Gays Could Split Over McCain

Think you know Sen. John McCain?

That's what the nation's largest gay-rights organization is asking voters.

A maverick? An independent? A moderate?

Not so, the Human Rights Campaign argues forcefully in a new video at its Website that uses film clips capturing key moments in McCain's political career to back up its warning that a McCain presidency would mean "four more years of anti-gay policy in the White House."

As creepy music plays in the background, HRC ticks off such McCain-defining moments as his Senate votes against protecting gay workers from discrimination, against treating anti-gay attacks as hate crimes and against allowing gays to serve openly in the military.

HRC credits the Republican McCain for opposing efforts to amend the U.S. Constitution to prohibit gay couples from marrying, but also shows a 2006 TV ad in which he urged his home state of Arizona to pass a state constitutional amendment to ban any recognition of gay couples. (Voters rejected that amendment as too extreme -- it would have even stripped benefits from heterosexual retirees signed up as domestic partners.)

"He actually sounds pretty familiar," the video concludes, displaying "good buddies" photos of McCain with President Bush, who campaigned in 2000 as respectful of gay Americans but later did a turnabout to curry favor with social conservatives.

The HRC's gamble means that if McCain wins, the non-partisan group will likely find itself in the same spot it's been in the past eight years: unwelcome at the White House.

It's a similar gamble to one taken during the GOP presidential primaries by the gay Log Cabin Republicans, which aired a clever TV ad in Iowa that used Mitt Romney's own words to portray him as a flip-flopper on abortion, Ronald Reagan and other conservative touchstones. If Romney had made it to the White House, Log Cabin surely wouldn't have been welcome.

Now, the HRC's high-stakes strategy hints at a developing split within the gay community over McCain. Although the Log Cabin hasn't decided whether to endorse McCain, he's signaling he wants to be viewed as a Big Tent Republican comfortable with gay people. Take, for example, his warm-and-fuzzy appearance on Ellen DeGeneres' popular daytime show. The two gently sparred over marriage. Or, take his recent campaign ad spoof on Saturday Night Live, where he objected to wasteful pork-barrel spending for a device to jam "gaydar."

McCain seems intent on coming across as likable to election-deciding independents, who tend to be gay friendly, polls show. Notice how he's been nearly silent about the upcoming gay marriages in California.

Still to come are two McCain decisions that I bet will prove pivotal to winning (or losing) Log Cabin's endorsement -- influential among gay Republicans and a badge of moderation helpful with swing voters.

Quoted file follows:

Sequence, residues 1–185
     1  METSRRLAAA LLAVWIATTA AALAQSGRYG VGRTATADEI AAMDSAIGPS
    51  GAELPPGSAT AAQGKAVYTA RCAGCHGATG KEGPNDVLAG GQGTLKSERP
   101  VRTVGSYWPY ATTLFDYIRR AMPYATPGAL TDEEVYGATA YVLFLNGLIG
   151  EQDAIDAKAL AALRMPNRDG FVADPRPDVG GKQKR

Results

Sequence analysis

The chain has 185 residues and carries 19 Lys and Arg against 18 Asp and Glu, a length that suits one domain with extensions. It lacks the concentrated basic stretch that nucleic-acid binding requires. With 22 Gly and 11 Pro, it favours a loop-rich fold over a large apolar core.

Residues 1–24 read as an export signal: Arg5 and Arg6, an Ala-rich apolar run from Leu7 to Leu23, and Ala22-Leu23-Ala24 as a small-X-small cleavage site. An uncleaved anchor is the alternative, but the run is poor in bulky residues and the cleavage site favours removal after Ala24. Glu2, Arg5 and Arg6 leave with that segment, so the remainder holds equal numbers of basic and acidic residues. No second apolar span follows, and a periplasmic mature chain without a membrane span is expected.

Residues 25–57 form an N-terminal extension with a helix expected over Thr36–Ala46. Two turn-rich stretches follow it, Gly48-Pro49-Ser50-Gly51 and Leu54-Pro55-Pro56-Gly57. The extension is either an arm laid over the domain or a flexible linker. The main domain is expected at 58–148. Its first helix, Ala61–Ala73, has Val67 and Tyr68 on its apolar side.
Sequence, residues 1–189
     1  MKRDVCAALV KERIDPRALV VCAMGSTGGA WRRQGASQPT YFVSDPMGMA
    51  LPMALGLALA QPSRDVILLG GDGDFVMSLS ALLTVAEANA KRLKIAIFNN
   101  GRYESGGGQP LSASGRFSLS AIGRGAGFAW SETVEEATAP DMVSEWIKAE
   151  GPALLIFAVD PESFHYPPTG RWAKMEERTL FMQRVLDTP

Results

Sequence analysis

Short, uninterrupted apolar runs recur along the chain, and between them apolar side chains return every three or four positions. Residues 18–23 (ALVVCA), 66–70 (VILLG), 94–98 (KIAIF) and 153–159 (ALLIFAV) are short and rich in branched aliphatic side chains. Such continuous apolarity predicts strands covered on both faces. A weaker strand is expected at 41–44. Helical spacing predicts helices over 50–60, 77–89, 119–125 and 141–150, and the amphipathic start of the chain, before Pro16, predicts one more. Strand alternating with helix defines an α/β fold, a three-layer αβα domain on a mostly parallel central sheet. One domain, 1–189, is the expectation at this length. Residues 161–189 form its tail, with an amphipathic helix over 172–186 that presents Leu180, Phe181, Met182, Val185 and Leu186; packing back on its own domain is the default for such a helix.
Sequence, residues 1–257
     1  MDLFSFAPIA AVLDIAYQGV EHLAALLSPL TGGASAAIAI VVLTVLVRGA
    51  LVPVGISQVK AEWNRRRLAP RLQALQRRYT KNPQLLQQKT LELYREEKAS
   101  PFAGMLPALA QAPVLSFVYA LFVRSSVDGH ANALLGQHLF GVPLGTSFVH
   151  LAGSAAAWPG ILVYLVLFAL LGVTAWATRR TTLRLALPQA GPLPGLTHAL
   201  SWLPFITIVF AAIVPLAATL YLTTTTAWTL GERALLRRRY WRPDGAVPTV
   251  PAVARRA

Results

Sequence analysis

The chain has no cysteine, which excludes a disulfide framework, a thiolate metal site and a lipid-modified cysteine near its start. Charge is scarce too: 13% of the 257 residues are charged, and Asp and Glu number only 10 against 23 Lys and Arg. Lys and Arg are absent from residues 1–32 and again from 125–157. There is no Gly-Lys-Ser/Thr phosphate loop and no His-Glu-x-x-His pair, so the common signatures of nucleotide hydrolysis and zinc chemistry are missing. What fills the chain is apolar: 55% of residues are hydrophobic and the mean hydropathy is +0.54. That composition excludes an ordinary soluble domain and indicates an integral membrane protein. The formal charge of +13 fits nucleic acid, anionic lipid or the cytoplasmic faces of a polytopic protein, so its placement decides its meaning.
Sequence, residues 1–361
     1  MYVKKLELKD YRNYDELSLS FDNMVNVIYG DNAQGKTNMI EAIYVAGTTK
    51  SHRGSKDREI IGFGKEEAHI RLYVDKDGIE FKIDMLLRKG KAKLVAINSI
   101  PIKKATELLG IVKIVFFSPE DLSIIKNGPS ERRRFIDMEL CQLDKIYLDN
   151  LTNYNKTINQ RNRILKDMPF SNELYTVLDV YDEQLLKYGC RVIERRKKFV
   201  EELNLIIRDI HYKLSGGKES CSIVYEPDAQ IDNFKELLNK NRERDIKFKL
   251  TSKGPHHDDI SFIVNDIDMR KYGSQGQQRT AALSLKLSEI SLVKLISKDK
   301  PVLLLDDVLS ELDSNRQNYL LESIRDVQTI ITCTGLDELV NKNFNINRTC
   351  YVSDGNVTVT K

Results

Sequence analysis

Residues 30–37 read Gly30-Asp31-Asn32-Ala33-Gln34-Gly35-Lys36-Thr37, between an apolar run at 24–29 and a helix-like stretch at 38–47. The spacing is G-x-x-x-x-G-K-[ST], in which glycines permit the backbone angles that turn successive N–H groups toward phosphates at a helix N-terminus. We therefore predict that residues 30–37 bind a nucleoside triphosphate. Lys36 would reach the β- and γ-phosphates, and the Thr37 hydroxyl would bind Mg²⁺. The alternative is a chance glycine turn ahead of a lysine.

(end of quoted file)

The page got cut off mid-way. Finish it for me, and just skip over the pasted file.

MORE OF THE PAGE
First, McCain's choice of a running mate. Picking Romney or Mike Huckabee would likely mean Log Cabin would withhold its endorsement, as it did in 2004 over Bush's full-throated advocacy of an anti-gay constitutional amendment. And, second, whether McCain actively pushes for passage of anti-gay state constitutional amendments in Florida and California.

So, would gay Americans be welcome not just in a McCain Republican Party but in a McCain White House? Only McCain can prove HRC's forecast wrong.

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Imagine you've forgotten once again the difference between a gorilla and a chimpanzee, so you do a quick Google image search of “gorilla." But instead of finding images of adorable animals, photos of a Black couple pop up.

Is this just a glitch in the algorithm? Or, is Google an ad company, not an information company, that's replicating the discrimination of the world it operates in? How can this discrimination be addressed and who is accountable for it?

“These platforms are encoded with racism," says UCLA professor and best-selling author of Algorithms of Oppression, Dr. Safiya Noble. “The logic is racist and sexist because it would allow for these kinds of false, misleading, kinds of results to come to the fore…There are unfortunately thousands of examples now of harm that comes from algorithmic discrimination."

On At Liberty this week, Dr. Noble joined us to discuss what she calls “algorithmic oppression," and what needs to be done to end this kind of bias and dismantle systemic racism in software, predictive analytics, search platforms, surveillance systems, and other technologies.

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